Cellular Stress, RNA Metabolism and Aging – Myriam Gorospe, NIH Scientist


>>Where is a given
messenger RNA? Is it in the cytoplasm
or the nucleus? How much of it is there? And in the context of
aging, we are interested in understanding how our
cells respond to stress. By comparing how a
young cell responds with how an old cell responds, we’re getting very useful
information about what it is that we lose as we age. What are the types of responses
that our body is no longer able to mount properly
as we grow older? So the stress that we have
used to generate the image that you see here is arsenide. Arsenide is a very
[inaudible] oxidant and oxidated stress is one of
the stressors our bodies have to cope with during
our lifetime. So when we treat these
cells with arsenide, something very interesting
happens and that is that the RNA in the cytoplasm goes to
this distinct fosite [assumed spelling] set of [inaudible]. Fosite…and we know it’s a
cytoplasm because it’s outside of these round larger circles
that represent the nuclide so now the RNA is
assembled in these fosite that we call “stress granules.” And for this image,
we used antibodies that recognize two
proteins called “A2” and “TA1” [assumed spelling]
that we know based on past work and work of other labs as well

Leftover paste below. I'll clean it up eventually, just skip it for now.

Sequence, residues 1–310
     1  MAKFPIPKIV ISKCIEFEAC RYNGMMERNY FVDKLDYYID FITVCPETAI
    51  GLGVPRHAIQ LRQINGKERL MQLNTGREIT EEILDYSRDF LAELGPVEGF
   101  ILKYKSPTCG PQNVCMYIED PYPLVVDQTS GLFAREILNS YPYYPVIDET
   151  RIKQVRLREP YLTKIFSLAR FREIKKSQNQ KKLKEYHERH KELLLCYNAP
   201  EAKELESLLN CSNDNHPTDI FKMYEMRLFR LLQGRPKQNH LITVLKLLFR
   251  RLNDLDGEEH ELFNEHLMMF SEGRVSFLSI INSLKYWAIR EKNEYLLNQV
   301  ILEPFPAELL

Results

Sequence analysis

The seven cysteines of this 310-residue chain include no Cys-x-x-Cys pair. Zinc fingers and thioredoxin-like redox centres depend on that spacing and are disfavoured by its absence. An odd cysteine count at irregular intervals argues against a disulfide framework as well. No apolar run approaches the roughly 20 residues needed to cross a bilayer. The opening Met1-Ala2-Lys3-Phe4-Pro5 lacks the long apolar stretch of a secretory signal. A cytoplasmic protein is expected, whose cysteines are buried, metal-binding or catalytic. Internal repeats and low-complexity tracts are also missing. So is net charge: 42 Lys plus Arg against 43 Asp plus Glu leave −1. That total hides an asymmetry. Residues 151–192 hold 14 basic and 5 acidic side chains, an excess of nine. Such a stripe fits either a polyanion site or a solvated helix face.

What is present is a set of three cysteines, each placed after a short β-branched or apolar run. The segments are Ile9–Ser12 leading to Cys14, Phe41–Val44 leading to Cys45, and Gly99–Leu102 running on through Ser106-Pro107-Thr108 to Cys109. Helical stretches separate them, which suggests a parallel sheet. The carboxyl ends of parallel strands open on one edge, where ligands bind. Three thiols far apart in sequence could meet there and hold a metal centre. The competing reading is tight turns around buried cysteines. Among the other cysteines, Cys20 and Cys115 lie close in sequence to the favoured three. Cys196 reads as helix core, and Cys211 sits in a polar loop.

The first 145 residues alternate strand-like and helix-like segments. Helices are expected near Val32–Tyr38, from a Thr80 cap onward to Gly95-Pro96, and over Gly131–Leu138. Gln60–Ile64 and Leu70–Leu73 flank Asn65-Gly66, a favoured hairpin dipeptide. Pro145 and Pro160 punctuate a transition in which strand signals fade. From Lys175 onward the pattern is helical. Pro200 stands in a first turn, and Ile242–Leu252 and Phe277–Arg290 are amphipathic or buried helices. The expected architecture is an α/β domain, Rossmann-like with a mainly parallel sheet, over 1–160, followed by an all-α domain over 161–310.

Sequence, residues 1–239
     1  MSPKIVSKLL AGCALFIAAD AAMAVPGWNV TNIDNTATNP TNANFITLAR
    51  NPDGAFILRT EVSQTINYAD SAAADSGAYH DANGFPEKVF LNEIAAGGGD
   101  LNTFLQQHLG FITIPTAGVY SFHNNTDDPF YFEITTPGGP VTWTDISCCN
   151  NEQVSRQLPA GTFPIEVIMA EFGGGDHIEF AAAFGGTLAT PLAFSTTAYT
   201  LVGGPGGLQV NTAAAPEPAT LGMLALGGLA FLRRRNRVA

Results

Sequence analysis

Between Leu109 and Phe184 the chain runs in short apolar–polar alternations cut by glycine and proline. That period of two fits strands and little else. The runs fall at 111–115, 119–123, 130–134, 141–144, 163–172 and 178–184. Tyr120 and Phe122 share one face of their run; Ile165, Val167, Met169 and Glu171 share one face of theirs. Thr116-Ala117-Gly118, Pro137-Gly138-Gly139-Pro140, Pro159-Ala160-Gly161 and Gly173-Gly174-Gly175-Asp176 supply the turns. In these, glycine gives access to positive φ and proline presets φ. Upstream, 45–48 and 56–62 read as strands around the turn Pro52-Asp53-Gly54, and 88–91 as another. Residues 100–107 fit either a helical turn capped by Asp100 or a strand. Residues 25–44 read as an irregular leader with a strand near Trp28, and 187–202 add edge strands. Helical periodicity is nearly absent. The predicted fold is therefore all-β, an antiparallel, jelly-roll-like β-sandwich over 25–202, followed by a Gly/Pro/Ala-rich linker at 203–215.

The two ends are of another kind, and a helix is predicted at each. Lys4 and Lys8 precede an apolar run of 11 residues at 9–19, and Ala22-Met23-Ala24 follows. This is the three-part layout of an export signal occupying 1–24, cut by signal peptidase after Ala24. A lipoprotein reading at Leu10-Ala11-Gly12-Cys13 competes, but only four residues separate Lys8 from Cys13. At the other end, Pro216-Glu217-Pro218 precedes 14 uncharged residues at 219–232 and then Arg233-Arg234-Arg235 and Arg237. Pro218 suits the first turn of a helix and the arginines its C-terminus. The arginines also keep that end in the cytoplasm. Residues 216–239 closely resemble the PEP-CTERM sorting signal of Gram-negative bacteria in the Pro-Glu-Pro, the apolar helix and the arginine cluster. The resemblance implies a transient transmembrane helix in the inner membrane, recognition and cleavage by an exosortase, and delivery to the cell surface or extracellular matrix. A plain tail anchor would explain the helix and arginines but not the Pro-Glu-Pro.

as our own, we know that A2 and TA1 both distress granules and they are…they retain the
messenger RNA until the stress in the cell has resolved and
the cell has fixed the damage that took place because
of the arsenide treatment and these structures
that look very nice and distinct will actually
dissolve and disappear. So if we came back two hours
later, we would see none of these stress granules; they will be all dissolved
into the cytoplasm. I think that NIA is very unique in that you have…for example
the NIA is a good example; you have an institute
where people with very different skills, very
different approaches to science, very different study model
systems, they all have in common the same interest in understanding the
process of aging. So we have expertise in
cellar molecular biology, but we can collaborate with
colleagues down the hall who work with animals
and then we can sort of ask the same questions
in an animal model. And then we have colleagues
who are with patients so we can ask the same
questions that are asked here in a very basic…on
a very basic level, we can ask in clinical samples.

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